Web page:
- The Washington Times - Wednesday, April 11, 2001

A top District of Columbia public school official is accusing city officials of interfering in audit reports, delaying transportation reforms and other unethical conduct, according to documents obtained by The Washington Times.

Court-appointed school Transportation Administrator David Healey has accused school system General Counsel Veleter Mazyck and Maria Amato, senior corporation counsel for bankruptcy and finance, of trying to influence the findings and format of a court-ordered audit of the transportation division.

Mr. Healey, appointed last fall by a U.S. District Court judge to oversee the division, also accuses the two officials of unethical conduct regarding the audit and personnel matters.

"We have discussed my concerns regarding the professional conduct, objectivity, integrity and behavior that I find to be unacceptable by Ms. Amato … and Ms. Mazyck," Mr. Healey wrote in a March 27 letter to Special Master Elise Baach.

"I believe attempts have been made to compromise the position of the administrator and create bias concerning the integrity and assured independence of the position."

Because of ongoing complaints, the mayor's special counsel for receivership and institutional reform litigation has recommended internal investigations of the matter by the Office of Corporation Counsel and the school system.

"We agreed that the allegations of impropriety … regarding the conduct of DCPS' General Counsel and Assistant Corporation Counsel … should be investigated independently by both agencies," Special Counsel Grace Lopes wrote in a March 22 letter to Mr. Healey after a meeting between top city staff and Superintendent Paul L. Vance.

Ms. Lopes referred the matter and another complaint against Mr. Healey to the D.C. Office of the Inspector General.

Mr. Healey wanted to hire a technical writer to create the system's plan to extricate itself from a 1997 class action suit, Nikita Petties et al. v. District of Columbia, that resulted in court supervision over the transportation division.

Just as Mr. Healey was about to hire a candidate, sources said, Ms. Amato and Ms. Mazyck persuaded him to hire Michael Gatling, a friend of Ms. Amato.

Soon after, Mr. Gatling had trouble following the transportation administrator's authority, sources said. Later, Mr. Healey spoke with Ms. Mazyck about terminating Mr. Gatling.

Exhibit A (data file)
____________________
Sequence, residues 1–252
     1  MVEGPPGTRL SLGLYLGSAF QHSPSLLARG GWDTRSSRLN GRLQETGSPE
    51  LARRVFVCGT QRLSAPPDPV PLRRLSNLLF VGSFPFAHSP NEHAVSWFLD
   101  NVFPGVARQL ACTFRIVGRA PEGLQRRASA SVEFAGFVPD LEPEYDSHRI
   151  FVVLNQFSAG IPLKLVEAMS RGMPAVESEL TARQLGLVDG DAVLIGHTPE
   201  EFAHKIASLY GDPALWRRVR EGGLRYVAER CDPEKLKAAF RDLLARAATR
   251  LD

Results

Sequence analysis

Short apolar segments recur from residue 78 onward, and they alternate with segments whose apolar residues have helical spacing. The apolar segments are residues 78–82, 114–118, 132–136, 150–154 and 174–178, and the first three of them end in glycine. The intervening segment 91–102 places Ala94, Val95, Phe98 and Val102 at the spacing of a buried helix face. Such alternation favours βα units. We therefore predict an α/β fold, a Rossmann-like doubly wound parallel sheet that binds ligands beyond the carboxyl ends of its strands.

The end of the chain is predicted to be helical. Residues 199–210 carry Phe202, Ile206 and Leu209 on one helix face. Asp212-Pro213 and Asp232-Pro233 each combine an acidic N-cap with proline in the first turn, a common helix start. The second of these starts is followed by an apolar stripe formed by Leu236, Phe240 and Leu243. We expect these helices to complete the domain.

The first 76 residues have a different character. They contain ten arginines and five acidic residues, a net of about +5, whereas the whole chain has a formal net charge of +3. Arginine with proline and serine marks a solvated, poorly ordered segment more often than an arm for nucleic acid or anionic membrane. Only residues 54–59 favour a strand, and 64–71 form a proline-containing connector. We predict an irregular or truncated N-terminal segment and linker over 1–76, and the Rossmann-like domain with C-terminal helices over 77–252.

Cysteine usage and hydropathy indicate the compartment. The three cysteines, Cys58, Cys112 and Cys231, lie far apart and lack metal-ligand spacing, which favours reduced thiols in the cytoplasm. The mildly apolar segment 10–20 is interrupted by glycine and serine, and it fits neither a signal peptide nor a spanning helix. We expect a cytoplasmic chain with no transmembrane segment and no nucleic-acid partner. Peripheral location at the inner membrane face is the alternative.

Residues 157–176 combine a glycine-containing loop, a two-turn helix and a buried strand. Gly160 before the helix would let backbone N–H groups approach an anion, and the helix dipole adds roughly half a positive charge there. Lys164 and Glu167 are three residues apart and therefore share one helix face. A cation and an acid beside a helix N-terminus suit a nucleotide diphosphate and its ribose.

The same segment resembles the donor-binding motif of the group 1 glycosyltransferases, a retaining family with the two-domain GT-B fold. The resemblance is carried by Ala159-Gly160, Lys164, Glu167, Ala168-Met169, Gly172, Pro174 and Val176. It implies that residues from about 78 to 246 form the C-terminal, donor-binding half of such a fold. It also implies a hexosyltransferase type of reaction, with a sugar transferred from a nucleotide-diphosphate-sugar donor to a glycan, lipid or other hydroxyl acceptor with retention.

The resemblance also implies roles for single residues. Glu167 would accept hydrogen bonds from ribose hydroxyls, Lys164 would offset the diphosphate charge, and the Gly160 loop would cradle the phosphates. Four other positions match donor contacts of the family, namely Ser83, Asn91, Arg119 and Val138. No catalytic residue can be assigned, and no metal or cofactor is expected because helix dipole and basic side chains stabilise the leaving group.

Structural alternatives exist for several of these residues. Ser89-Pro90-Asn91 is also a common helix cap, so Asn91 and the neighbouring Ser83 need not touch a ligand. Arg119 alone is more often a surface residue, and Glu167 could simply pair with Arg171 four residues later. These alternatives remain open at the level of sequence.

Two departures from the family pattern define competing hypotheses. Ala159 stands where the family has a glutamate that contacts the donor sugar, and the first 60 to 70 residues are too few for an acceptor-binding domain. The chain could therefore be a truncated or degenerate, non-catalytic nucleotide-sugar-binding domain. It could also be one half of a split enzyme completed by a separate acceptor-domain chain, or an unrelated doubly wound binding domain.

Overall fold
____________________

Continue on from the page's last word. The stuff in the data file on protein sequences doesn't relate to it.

According to school sources and Mr. Healey's accusations, Ms. Mazyck informed Ms. Amato that Mr. Gatling was about to be fired. She then told Mr. Gatling, who soon resigned. Later, Mr. Gatling complained to Ms. Lopes, accusing Mr. Healey of inappropriate comments and behavior.

A spokesman for the D.C. inspector general confirmed receipt of the complaint and said it was "currently under consideration."

Mr. Gatling, Ms. Lopes and Ms. Mazyck were unavailable for comment yesterday, either out of the country or on vacation.

School sources say Mr. Vance has ordered an investigation into the complaints against Ms. Mazyck, but officials were unable to confirm whether it had started.

Ms. Amato told school officials she is no longer working on the Petties case for unrelated reasons.

City officials declined comment any pending investigation.

"As far as I know, I have seen no specific written allegations against me," Ms. Amato said yesterday. "I am aware of an ongoing investigation against the transportation administrator by the inspector general. The complaints against me are untrue. I will be vindicated when the investigation, if any, is complete."

Mr. Healey declined to comment on the case.

Plaintiff counsel Beth Goodman said she was concerned about the complaints. "Our main focus is still transportation services. If [Mr. Healey] is not getting the cooperation and resources to do what he was brought in to do, we may have to address this with the court."

The special master and Mrs. Goodman have raised questions about the contract process, its administration and Ms. Mazyck's placement in charge of it she is defendant's counsel in the lawsuit. They have also complained that Ms. Mazyck could see audit reports and meet with auditors before or without the other parties.

Ms. Baach in a March 30 letter suggested the parties in the lawsuit should "negotiate a new procedure" for the second phase of the court-ordered audit."

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